This book is about a wealthy bear who is lazy and sleeps all day. Then a hare, in attempt to feed his family, makes a deal with the bear. The deal is that the hare uses the bears land to plant crops. The hare proposes that he does all the work and they split the crops in half. When the hare harvests the crops, he gives the bear the half that doesn't have the actual vegetables. The theme of this story is hard work. This could be used to teach children which plants grow above ground, and which one...more
Toryn Coombs
I loved this simple little book! Not only is is about a sly little rabbit tricking a bear with the tops and bottoms of the harvest but it is read up and down as well. I love the creativity of the art in the book, I like how they look realistic yet still has that elementary feel to it. Though not the best moral of the story on the rabbits part, but it is a good book about not sleeping through life and or pay attention because you can be taken advantage of. Loved this book and will for sure have i...more
Feb 03, 2009 Barbara rated it 3 of 5 stars
Recommends it for: children studying where food comes from.
Recommended to Barbara by: A first grade teacher.
This is a clever book adapted and illustrated by Janet Stevens. It suggests what happened to the hare after his famous race with the tortoise. This time he is the neighbor of a rich, lazy bear with lots of land. The hare and his family are poor, so they hatch a plan to take advantage of Bear's laziness and land. Hare wakes up bear and proposes a partnership. He and his family will plant and harvest a crop while bear sleeps. They will give Bear all the tops and they will keep the bottoms. So Bear...more
Sara Check
1.This is a traditional picture book.

2.This Caldecott Honor Book pairs two familiar characters in a very different situation. Hare, a hard-working but unlucky rabbit, uses Bear, who is rich but lazy, to his advantage come harvest time. Hare definitely uses his knowledge about food when it matters most and his family depends on it but when Bear finally catches on, it’s too late.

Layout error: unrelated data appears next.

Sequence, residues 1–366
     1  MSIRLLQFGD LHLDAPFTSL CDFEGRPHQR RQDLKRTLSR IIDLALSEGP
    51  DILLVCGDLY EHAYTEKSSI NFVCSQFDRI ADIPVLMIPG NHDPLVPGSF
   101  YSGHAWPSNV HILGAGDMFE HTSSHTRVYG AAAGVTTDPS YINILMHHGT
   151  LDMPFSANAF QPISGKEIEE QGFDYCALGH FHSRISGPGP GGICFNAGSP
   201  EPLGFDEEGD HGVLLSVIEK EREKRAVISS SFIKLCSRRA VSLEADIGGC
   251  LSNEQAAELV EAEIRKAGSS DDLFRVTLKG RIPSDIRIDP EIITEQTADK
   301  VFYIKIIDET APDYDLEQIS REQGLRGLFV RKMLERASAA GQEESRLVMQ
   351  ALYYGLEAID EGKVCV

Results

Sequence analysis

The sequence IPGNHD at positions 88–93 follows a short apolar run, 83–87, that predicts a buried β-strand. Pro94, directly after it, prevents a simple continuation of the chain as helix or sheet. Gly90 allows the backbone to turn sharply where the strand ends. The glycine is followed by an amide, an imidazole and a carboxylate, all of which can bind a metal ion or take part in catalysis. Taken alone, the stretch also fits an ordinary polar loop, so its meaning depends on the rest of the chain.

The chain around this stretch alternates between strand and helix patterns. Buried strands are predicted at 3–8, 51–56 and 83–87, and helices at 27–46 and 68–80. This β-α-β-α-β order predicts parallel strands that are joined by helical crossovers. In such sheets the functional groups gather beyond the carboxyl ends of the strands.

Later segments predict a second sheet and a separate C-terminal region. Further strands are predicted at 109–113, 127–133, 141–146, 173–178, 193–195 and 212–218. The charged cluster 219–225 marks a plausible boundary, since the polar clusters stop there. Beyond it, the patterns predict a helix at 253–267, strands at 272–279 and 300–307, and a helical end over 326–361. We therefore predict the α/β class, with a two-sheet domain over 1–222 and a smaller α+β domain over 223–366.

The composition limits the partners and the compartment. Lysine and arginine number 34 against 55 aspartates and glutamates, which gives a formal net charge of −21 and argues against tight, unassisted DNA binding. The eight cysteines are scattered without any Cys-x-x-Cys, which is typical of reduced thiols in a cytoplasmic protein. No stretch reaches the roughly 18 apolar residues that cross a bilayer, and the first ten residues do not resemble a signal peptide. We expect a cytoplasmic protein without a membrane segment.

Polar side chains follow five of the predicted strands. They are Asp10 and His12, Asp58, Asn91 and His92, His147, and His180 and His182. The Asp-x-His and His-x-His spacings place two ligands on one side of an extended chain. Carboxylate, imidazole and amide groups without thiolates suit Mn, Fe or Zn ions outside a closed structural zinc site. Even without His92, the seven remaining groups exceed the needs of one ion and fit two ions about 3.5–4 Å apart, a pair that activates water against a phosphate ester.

3.A. Janet Stevens’ traditional tale is pulled from times of hardship and slavery and does a phenomenal job of relating...more
Lisa Mason
Tops and Bottoms is adapted and illustrated by Janet Stevens. It is a delightful tale that tells what happened to a Hare and his family after he lost it all on a ‘risky bet with a tortoise.’ This extension of story places it into the category of traditional literature.

A Caldecott Honor book, Tops and Bottoms details the misfortune of a very lazy bear who owns a lot of land. All he wants to do is sleep, so when Hare offers to farm his land in exchange for half of the crops, Bear is quick to agree...more
I thought this book was so cute I love how it started out with the rabbit losing a bet the tortoise, because of the whole slow and steady wins the race! The artwork in this book is very nicely done and appealing as well!

Hare loses his land because he lost a bet with a tortoise, so he makes a deal with bear. The deal is that if Bear lets Hare use his land that he will give bear half of the veggies. Bear agrees so Hare asks if he wants the tops or bottoms and Bear says he wants the tops....more
« previous 1 3 4 5 6 7 8 9 99 100 next »
There are no discussion topics on this book yet. Be the first to start one »
  • The Faithful Friend
  • The Treasure
  • Seven Blind Mice
  • Noah's Ark
  • The Gardener
  • Peppe the Lamplighter
  • Ella Sarah Gets Dressed
  • The Stray Dog
  • It Could Always Be Worse: A Yiddish Folk Tale
  • A Child's Calendar
  • Epossumondas
  • King Bidgood's in the Bathtub
  • In the Small, Small Pond
  • John Henry
  • Alphabet City
  • Ben's Trumpet
  • Swamp Angel
  • Zin! Zin! Zin! A Violin
Janet Stevens is a children's books illustrator and author.
More about Janet Stevens...
The Princess and the Pea The Great Fuzz Frenzy Help Me, Mr. Mutt!: Expert Answers for Dogs with People Problems The Tortoise and the Hare: An Aesop Fable The Little Red Pen

Share This Book